Published May 24, 2012
With a name like Googa Mooga, you better hope you didn’t just sign up for a Nickelodeon slime fest. But you won’t find gooey green gunk in the definition for Googa Mooga. Coined from an old Lee Dorsey record, the real meaning of Googa Mooga means something fun and awesome.
Googa Mooga is the first food, drink and music festival ever to take over Brooklyn’s historic Prospect Park. The triple threat festival drew in around 40,000 hungry patrons this past weekend, hosting 75 food vendors, 35 brewers, 30 winemakers and 20 live music performances. Although the free general admission tickets sold out quickly, $250 all-inclusive Extra Googa Mooga tickets were still available to purchase on its opening day.
The event had all the trappings to be a major success. It was planned by Superfly Productions, the same organizers who put on the famous Bonnaroo festival in San Francisco. “We follow our interests and passions, which is good food, good wine and beer and good music,” Jonathan Myers co-founder of Superfly told FoxNews.com. “So what better place to do that than in the food culinary capital of the world,” he said.
Lined up with high-profile chefs and musical performances by legendary bands like Daryl Hall & John Oates, it’s no wonder the beautiful wooded park was busting at the seams with people.
“I don’t think there’s a city on Earth where you have more choices and higher quality food than New York City,” John Oates told FoxNews.com.
Nationally acclaimed chefs like Andrew Bourdain, Tom Colicchio and Eddie Huang collaborated with the event organizers to make sure Googa Mooga presented some of New York’s very best restaurants. “I wanted to choose off-the beaten-path restaurants. I was looking for things people haven’t had before because that’s what I think festivals are to suppose to be. It’s the places you may not go out of the way for,” Eddie Huang told FoxNews.com.
Gifted by perfect sunny weather, eager Googa Moogers anxiously waited in line at the food vendors…and waited…and waited. Yes, the lines were long. “It was easy to get drinks but tough to get food,” Kipp Davis an extra Mooga ticket holder who waited 2 hours for food said, “I’m eating a hatch burger from Umami Burger, it’s very good, once I got food it was very delicious,” Davis added.
Brooklyn resident and actor David Cross biked to Prospect Park with his girlfriend film and TV star Amber Tamblyn. Although he didn’t believe the $500 he spent on two tickets was worth it, he was impressed by one dish. “The lamb rib was f*** fantastic. My girlfriend and I were sitting there commenting on how disappointing this is but then that lamb thing came around and we were like Oh-OK that kind of balances it out, that’s a good $150 bucks worth in the balancing act, it was excellent,” Cross told FoxNews.com.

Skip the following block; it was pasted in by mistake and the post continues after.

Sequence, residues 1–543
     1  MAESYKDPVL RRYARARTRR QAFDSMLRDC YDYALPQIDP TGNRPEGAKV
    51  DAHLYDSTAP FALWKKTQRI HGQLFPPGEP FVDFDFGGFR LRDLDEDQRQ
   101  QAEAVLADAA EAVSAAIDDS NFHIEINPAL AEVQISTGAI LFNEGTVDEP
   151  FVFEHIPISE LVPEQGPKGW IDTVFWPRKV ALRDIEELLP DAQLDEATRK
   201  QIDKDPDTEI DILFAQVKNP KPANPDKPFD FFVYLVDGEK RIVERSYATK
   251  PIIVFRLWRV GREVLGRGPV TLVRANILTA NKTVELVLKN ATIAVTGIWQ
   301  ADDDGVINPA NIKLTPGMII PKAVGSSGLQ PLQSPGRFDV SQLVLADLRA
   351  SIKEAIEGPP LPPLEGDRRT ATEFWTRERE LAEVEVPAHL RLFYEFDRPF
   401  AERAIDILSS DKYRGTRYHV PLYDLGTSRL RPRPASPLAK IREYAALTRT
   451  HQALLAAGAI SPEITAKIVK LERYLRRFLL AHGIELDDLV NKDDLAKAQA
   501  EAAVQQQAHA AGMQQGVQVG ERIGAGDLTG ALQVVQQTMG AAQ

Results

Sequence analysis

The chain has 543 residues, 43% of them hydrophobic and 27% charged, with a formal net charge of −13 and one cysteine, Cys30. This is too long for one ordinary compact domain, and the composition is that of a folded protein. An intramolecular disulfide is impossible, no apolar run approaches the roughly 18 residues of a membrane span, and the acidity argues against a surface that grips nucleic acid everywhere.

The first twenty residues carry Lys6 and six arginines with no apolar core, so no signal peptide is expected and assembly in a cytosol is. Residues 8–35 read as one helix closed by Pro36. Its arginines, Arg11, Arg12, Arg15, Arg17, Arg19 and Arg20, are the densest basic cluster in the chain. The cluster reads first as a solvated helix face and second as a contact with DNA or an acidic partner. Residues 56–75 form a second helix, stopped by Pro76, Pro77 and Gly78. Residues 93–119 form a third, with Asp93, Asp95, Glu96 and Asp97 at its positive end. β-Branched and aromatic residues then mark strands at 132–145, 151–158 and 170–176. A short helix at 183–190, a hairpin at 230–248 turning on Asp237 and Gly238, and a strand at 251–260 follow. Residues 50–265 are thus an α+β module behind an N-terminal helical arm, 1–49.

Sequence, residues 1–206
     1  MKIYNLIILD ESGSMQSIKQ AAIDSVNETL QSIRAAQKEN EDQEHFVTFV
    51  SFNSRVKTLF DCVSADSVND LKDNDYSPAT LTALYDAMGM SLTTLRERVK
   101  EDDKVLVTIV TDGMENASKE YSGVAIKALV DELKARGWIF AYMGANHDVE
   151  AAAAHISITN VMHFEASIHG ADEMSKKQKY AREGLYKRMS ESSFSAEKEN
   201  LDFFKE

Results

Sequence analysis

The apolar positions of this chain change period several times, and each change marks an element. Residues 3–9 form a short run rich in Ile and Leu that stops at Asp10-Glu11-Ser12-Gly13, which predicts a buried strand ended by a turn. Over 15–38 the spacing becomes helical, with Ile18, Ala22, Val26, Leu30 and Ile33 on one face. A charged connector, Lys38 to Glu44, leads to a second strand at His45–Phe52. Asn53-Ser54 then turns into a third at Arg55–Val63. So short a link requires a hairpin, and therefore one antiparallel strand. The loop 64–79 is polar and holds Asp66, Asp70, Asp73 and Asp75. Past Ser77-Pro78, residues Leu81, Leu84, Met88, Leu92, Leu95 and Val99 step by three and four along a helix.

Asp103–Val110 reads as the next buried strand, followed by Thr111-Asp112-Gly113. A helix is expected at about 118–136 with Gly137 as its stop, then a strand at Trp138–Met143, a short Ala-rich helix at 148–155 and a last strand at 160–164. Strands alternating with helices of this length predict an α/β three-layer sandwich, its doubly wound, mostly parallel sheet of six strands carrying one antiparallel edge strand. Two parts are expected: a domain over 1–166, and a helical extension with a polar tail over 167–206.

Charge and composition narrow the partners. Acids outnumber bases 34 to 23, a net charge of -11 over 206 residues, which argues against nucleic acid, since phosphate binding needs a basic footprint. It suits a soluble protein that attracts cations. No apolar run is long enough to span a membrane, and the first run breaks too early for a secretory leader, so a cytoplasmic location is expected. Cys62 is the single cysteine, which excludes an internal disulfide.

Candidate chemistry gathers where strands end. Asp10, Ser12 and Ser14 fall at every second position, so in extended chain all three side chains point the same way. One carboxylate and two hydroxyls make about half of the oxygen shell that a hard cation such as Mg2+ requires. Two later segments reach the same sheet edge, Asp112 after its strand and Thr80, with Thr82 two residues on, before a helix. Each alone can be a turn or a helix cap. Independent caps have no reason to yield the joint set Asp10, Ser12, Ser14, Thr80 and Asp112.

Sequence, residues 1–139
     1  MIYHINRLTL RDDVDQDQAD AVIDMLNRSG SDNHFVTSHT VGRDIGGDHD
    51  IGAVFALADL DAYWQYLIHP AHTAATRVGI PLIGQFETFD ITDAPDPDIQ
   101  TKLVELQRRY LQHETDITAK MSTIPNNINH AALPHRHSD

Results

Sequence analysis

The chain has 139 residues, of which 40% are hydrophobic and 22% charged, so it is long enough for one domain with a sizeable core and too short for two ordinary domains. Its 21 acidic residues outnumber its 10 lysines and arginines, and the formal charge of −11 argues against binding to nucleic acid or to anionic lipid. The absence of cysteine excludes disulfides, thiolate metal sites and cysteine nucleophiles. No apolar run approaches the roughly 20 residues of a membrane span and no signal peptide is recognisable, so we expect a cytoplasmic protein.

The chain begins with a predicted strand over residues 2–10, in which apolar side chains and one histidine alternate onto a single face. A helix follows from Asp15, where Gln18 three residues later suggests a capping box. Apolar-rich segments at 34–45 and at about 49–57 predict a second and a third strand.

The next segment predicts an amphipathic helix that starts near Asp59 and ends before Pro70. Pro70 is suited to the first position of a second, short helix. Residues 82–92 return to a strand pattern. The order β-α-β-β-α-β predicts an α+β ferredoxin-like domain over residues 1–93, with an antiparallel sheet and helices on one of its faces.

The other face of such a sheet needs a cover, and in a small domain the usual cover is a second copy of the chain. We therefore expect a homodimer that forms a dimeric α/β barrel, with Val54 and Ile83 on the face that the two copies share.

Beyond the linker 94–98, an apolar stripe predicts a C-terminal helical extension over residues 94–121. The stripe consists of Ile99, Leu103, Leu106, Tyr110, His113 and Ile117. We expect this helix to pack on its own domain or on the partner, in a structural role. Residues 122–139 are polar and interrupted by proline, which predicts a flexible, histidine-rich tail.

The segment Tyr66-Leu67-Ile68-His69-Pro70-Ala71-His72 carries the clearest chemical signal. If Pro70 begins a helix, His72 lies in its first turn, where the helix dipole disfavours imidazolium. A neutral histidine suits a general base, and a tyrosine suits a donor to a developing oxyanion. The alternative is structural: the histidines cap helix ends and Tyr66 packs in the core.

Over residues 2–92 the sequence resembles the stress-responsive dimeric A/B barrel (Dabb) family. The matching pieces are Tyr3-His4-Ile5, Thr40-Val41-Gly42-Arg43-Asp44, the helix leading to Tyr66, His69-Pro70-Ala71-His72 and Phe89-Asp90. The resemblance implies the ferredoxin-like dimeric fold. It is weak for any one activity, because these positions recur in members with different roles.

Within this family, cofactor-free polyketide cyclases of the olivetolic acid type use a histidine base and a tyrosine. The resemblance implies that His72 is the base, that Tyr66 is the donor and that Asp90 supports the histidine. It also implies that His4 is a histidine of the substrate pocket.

New York newbie and former star of ABC‘s ‘Bachelorette’, Ali Fedotowsky was also in attendance and gushed about the food and the beautiful backdrop. “ I can’t believe that here at this festival we are in New York City, I feel like I’m out in the middle of the boondocks in Massachusetts where I grew up,” Fedotowsky said. “I think the food that I have tasted so far has been phenomenal, there was this sausage dish that had a million different ingredients in it and this citrus flavor that I just loved.”
Vendors Frank Castronovo and Frank Falcinelli of Brooklyn’s Frankie’s 457 Spuntino restaurant were also impressed by the festivals prime location. “We were drawn to the fact that someone was taking over Prospect Park. It’s one of the epic venues in New York. You have David Rockwell designing it and you have the city of New York saying go for it, it’s pretty unique to have something of this scale in our backyard in Brooklyn,” the renowned New York chefs told FoxNews.com.
The festival didn’t shy away from entertainment either, inviting their guests to culinary seminars like April Bloomfield’s “A Girl and her Pig”, a pork carving demo, themed parties like “The Monkey Bar Goes Bananas” hosted by NY’s The Monkey bar that featured real life monkeys greeting guests, comedy shows like “Noshing with Aziz Ansari and James Murphy” and of course beer and wine tastings.
Mark Snyder, a native Brooklynite and owner of the popular wine producer, Red Hook encouraged the festivals more amateur wine drinkers to just come and see what they like. “I think it’s really important to not overly complicate or make wine a stuffy thing. It is the drink of the people,” Snyder told FoxNews.com.
Wine was definitely not considered a “stuffy” thing at Googa Mooga. I passed one patron grinning from ear to ear after a vendor filled his regular tall glass with wine to cut down their long line of thirsty attendees.
A stampede of impatient and parched Extra Mooga ticket holders rushed into a tent where a “Speed wine tasting” event was taking place. Dominc Rivano a self-described wine enthusiast attended the tasting. “I like the concept of the 8 minutes at one country’s station and then you move on to the next to taste another set of four wines from that region,” he said.
As the sun went down below the trees, whether your tummy was full or not, at the end of the day you couldn’t ask for a better finale with performance by The Roots and Daryl Hall & John Oates.
“The Roots were terrific. I’ve seen them a bunch of times in different concert settings and it seemed liked they tailored their show a bit to the mixed crowd they had at Googa Mooga,” Chris Hayes from New Jersey said. “People seemed really into it, it was a great way to close the day on a high note,” he added.